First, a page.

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thinkers or teachers are, however, specially satirized under the general name of “Sophist” (v. 331)—1. The Physical Philosophers—indicated by allusions to the doctrines of Anaxagoras, Heraclitus and Diogenes of Apollonia. 2. The professed teachers of rhetoric, belles lettres, &c., such as Protagoras and Prodicus. Socrates is taken as the type of the entire tendency. A youth named Pheidippides—obviously meant for Alcibiades—is sent by his father to Socrates to be cured of his dissolute propensities. Under the discipline of Socrates the youth becomes accomplished in dishonesty and impiety. The conclusion of the play shows the indignant father preparing to burn up the philosopher and his hall of contemplation.

(4) 422 B.C. The Wasps.—This comedy, which suggested Les Plaideurs to Racine, is a satire on the Athenian love of litigation. The strength of demagogy, while it lay chiefly in the ecclesia, lay partly also in the paid dicasteries. From this point of view the Wasps may be regarded as supplementing the Knights. Philocleon (admirer of Cleon), an old man, has a passion for lawsuits—a passion which his son, Bdelycleon (detester of Cleon) fails to check, until he hits upon the device of turning the house into a law-court, and paying his father for absence from the public suits. The house-dog steals a Sicilian cheese; the old man is enabled to gratify his taste by trying the case, and, by an oversight, acquits the defendant. In the second half of the play a change comes over the dream of Philocleon; from litigation he turns to literature and music, and is congratulated by the chorus on his happy conversion.

(5) 421 B.C.[1] The Peace.—In its advocacy of peace with Sparta, this play, acted at the Great Dionysia shortly before the conclusion of the treaty, continues the purpose of the Acharnians. Trygaeus, a distressed Athenian, soars to the sky on a beetle’s back. There he finds the gods engaged in pounding the Greek states in a mortar. In order to stop this, he frees the goddess Peace from a well in which she is imprisoned. The pestle and mortar are laid aside by the gods, and Trygaeus marries one of the handmaids of Peace.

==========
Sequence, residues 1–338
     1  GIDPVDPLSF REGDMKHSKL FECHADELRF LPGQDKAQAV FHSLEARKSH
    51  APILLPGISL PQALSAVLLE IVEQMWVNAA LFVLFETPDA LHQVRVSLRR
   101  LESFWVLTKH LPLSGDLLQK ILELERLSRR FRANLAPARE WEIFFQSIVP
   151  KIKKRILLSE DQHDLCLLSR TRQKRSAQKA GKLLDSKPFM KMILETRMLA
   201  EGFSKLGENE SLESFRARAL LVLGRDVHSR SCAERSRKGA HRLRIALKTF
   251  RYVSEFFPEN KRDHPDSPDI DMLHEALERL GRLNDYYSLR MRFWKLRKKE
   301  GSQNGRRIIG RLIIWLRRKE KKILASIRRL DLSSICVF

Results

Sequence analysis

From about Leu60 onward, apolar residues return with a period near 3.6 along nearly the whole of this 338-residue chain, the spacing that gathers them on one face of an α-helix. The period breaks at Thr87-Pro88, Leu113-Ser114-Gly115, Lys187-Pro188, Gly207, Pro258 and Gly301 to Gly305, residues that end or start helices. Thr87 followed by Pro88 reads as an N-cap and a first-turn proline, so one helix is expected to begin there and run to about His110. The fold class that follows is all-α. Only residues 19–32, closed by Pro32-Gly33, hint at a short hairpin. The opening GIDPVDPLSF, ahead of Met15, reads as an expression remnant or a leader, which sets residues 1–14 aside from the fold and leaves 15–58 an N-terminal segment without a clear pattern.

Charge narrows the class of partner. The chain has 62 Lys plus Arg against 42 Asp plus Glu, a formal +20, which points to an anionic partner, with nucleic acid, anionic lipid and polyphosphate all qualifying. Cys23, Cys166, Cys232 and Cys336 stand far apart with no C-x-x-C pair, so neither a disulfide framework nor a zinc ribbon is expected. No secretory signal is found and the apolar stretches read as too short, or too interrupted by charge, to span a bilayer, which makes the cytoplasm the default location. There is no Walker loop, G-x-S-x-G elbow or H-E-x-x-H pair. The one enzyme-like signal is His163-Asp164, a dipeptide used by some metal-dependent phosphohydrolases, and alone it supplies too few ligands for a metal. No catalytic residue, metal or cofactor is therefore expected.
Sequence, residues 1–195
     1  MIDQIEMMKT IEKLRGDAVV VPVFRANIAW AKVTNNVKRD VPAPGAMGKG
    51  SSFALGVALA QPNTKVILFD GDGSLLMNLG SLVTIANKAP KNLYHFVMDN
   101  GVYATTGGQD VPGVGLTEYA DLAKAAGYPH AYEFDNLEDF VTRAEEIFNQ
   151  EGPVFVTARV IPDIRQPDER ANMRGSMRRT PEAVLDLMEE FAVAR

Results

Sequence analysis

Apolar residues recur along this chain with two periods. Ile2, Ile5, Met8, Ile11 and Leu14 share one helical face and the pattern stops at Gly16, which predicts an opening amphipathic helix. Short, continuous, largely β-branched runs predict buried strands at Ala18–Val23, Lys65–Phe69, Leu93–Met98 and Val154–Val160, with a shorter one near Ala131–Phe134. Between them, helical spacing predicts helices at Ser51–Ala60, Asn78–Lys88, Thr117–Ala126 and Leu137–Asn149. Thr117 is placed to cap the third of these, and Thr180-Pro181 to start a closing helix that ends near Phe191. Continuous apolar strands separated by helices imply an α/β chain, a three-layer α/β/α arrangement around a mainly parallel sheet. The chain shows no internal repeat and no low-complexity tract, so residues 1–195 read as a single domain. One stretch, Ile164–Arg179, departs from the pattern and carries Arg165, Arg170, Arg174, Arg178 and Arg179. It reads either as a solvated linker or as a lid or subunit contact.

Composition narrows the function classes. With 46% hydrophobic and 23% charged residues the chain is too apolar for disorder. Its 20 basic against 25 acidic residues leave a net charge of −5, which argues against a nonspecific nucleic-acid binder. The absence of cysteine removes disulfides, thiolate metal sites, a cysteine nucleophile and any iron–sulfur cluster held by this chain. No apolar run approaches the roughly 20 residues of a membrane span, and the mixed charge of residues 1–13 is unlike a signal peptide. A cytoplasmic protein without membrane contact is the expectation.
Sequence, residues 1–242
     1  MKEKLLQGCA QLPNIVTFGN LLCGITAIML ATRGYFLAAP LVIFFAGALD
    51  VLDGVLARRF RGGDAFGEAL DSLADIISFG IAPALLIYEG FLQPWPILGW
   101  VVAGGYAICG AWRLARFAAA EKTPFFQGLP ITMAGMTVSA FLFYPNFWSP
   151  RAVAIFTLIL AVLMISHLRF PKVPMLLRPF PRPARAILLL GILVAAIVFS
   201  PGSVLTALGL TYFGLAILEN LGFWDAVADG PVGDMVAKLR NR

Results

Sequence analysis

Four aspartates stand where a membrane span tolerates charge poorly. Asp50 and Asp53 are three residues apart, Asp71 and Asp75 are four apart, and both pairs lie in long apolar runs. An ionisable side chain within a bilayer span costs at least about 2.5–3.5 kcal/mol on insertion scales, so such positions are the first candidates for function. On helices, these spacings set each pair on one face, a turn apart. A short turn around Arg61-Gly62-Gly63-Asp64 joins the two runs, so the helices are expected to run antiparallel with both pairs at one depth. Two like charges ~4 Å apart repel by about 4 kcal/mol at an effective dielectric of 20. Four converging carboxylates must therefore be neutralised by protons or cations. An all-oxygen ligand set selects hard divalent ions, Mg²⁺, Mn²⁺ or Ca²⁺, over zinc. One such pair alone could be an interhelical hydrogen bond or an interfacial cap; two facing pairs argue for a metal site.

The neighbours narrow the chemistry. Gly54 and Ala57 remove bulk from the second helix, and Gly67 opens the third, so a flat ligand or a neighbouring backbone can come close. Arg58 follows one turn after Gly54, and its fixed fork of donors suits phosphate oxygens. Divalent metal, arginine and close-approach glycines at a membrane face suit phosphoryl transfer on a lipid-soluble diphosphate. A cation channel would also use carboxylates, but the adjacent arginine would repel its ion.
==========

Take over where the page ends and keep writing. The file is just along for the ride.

II. Second Period. (6) 414 B.C. The Birds.—Peisthetaerus, an enterprising Athenian, and his friend Euelpides persuade the birds to build a city—“Cloud-Cuckoo-borough”—in mid-air, so as to cut off the gods from men. The plan succeeds; the gods send envoys to treat with the birds; and Peisthetaerus marries Basileia, daughter of Zeus. Some have found in the Birds a complete historical allegory of the Sicilian expedition; others, a general satire on the prevalence at Athens of headstrong caprice over law and order; others, merely an aspiration towards a new and purified Athens—a dream to which the poet had turned from his hope for a revival of the Athens of the past. In another view, the piece is mainly a protest against the religious fanaticism which the incident of the Hermae had called forth.

(7) 411 B.C. The Lysistrata.—This play was brought out during the earlier stages of those intrigues which led to the revolution of the Four Hundred. It appeared shortly before Peisander had arrived in Athens from the camp at Samos for the purpose of organizing the oligarchic policy. The Lysistrata expresses the popular desire for peace at any cost. As the men can do nothing, the women take the question into their own hands, occupy the citadel, and bring the citizens to surrender.

(8) 411 B.C. The Thesmophoriazusae (Priestesses of Demeter).— This came out three months later than the Lysistrata, during the reign of terror established by the oligarchic conspirators, but before their blow had been struck. The political meaning of the play lies in the absence of political allusion. Fear silences even comedy. Only women and Euripides are satirized. Euripides is accused and condemned at the female festival of the Thesmophoria.

(9) 405 B.C. The Frogs.—This piece was brought out just when Athens had made her last effort in the Peloponnesian War, eight months before the battle of Aegospotami, and about fifteen months before the taking of Athens by Lysander. It may be considered as an attempt to distract men’s minds from public affairs. It is a literary criticism. Aeschylus and Euripides were both lately dead. Athens is beggared of poets; and Dionysus goes down to Hades to bring back a poet. Aeschylus and Euripides contend in the under-world for the throne of tragedy; and the victory is at last awarded to Aeschylus.